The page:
VALLAM:

            ikkoil si kamakottamudaiya nachchiyarukkum vendum nimittattirku9

 

TIRUPPALANAM:

            ikkoil pujai nilaihalum tirukkamakottamudaiya nachchiarkoil bhattacharya

                                                                                                                                    nilaiyum10

            nan elundaruluvitta tirukkamakottamudaiyar tiruppalanattudaiyarkku11

            innayanar tirukkamakottamudaiya periya nachchiyar12

 

KOILADI:

            ikkoilil nan elundaruluvitta tirukkamakottamudai akhilanayakiyarkku

                                                                                                                                    pujaikkum13

HASTIGIRI:

            sri puravaradisubara kamakotti (ti)mbikalapraptavaraprasada14

 

CHIDAMBARAM:

            devyastasyah sikhariduhituh kamakoshthasthitayah

            prakarajyamapidashayitamosaukliptavan mantapancha

            kinchestyah svapati natanasyanayogyaprakaram

            satyam bhaktya sukaramakarot bhushanam mauktipurvam15

            pitambaram kanchanamesha devyah

                                                tat kamakoshthasthitamasthitayah

            chakara yadvairivilasininam

                                                vanagnidhumambaratam karoti16

 

SAIVA TIRUMURAI

                        Devotional hymns traditionally known as Saiva Tirumurai in Tamil literature refer to the seat of the goddess as Kamakottam or KamakottiAppar of the seventh century in his Tiruvadikai Tiruttandakam uses the word Kamakotti; and this conforms to the version in the inscriptions referred to above.

                        elundirai natittuvalai nanainda tingal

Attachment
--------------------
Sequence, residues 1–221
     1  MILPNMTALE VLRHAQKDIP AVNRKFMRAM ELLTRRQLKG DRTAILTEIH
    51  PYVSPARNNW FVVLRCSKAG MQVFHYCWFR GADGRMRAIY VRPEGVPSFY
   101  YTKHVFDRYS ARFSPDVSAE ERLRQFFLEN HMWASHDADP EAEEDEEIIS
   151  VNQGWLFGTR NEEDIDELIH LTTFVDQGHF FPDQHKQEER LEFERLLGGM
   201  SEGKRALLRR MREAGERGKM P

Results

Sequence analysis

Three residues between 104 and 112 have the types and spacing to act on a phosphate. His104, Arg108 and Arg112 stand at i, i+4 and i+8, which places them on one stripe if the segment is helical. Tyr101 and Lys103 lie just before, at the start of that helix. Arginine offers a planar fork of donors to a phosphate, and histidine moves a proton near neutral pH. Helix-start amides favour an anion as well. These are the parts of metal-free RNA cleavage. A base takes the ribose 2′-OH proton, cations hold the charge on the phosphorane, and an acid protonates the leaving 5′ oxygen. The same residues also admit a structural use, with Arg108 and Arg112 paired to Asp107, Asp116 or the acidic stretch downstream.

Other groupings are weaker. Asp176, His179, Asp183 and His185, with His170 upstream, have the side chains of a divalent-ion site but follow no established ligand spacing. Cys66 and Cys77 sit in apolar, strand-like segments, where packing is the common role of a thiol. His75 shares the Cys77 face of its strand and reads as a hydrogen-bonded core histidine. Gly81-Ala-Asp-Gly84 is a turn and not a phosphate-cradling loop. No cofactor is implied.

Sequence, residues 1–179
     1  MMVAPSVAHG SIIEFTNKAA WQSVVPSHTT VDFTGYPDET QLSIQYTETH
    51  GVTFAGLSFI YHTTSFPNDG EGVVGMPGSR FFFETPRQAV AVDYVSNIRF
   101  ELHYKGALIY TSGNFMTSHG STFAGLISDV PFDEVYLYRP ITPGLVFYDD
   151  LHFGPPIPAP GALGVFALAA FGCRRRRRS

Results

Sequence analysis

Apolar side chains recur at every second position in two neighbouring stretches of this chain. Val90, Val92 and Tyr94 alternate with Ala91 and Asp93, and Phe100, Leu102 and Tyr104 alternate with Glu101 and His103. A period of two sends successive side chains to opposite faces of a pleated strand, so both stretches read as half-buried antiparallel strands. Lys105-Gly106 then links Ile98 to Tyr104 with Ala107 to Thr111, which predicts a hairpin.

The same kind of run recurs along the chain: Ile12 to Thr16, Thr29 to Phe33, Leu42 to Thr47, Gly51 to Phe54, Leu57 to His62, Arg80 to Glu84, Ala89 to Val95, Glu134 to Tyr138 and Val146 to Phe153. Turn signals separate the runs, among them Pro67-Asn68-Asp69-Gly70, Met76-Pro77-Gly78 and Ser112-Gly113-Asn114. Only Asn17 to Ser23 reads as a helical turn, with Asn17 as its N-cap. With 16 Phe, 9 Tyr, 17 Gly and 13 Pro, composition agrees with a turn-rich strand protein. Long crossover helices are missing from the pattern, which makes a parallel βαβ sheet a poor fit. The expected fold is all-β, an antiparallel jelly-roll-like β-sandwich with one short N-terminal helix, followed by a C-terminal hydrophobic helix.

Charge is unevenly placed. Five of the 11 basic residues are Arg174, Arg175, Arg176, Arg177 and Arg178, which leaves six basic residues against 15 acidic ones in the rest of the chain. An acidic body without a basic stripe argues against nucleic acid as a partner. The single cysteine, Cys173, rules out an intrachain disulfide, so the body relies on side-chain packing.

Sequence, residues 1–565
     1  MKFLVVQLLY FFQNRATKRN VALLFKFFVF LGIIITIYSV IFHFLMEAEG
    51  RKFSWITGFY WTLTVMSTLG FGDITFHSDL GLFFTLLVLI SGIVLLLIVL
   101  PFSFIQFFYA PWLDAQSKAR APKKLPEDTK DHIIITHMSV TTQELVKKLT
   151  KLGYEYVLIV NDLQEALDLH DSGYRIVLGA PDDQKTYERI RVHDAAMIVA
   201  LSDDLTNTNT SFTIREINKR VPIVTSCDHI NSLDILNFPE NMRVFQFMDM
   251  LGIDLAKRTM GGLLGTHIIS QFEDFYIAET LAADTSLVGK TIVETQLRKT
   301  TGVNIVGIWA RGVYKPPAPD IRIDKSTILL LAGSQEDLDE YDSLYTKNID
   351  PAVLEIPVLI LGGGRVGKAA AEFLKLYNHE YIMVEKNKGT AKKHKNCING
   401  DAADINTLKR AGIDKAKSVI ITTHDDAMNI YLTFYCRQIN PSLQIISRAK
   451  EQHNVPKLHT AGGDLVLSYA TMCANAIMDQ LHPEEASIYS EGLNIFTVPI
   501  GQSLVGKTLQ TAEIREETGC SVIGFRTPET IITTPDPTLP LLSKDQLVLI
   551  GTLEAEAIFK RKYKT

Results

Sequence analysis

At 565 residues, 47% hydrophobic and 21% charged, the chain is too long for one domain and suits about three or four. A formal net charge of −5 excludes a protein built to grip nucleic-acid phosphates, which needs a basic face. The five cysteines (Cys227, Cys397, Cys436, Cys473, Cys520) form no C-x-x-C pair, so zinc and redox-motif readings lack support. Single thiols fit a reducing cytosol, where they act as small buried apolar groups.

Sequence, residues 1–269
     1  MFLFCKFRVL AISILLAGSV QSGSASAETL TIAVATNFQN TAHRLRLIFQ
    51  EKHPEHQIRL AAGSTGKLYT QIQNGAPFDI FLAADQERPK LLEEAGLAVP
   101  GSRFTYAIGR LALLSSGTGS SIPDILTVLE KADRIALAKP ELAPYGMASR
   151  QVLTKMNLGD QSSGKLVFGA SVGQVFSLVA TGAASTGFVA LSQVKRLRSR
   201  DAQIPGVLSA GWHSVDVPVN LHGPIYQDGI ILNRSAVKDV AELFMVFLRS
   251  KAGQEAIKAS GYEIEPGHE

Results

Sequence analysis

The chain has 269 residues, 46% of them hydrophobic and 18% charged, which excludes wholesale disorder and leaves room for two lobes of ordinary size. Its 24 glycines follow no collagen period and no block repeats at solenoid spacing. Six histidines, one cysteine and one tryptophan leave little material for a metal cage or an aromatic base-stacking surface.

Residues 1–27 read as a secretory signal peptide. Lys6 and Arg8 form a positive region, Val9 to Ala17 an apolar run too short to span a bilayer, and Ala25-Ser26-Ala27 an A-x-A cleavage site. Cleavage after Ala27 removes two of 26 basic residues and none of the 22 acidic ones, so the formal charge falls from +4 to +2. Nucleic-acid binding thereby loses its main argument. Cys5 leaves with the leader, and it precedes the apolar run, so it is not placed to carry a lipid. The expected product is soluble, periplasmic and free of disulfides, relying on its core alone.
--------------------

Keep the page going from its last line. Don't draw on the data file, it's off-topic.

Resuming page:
ilanilattihalhinra valarsadaiyane

                        kolumpavalacchenganivai kamakotti

                                                kongaiyinai yamarporudu kolangonda

                        talumpulave varai marbil vennulunde

                                                santamodu santanttinalaru tangi

                        alundiya sentiruvuruvil vennirrane

                                                avanakhila tihai virattattane

                        Sundaramurti Nayanar in the Tevaram relating to Onakantantali situated on the northern bank of Sarvatirtha in Kanchi speaks of Kamakotta thus:

                        varirum kulanmai vanedungan

                                                malaimahan madhuvimmu konrait-

                        tariruntatamarbu ningat-

                                                taiyalalulahuyya vaitta

                        karirumpolir kacchimudur

                                                kamakottamundaha nir poy

                        uridum picchaikolvadenne

                                                onakantanraliyulire

[7th Tirumurai: Onakantantali 6]

                        It is to be specially noted that the Tevaram of Tirujnanasambandar relating to Alangudi–-the Dakshinamurtikshetra in the Tanjore district in the south–-refer to the sanctum sanctorum of the goddess as kacchi kamakoti

                        nacchittoluvir kanamakkadu solvir

                        kacchippoli kamakkodiyudan kudi

                        icchittirum pulaiyidam konda visan

                        ucchittalaiyil balikondulalune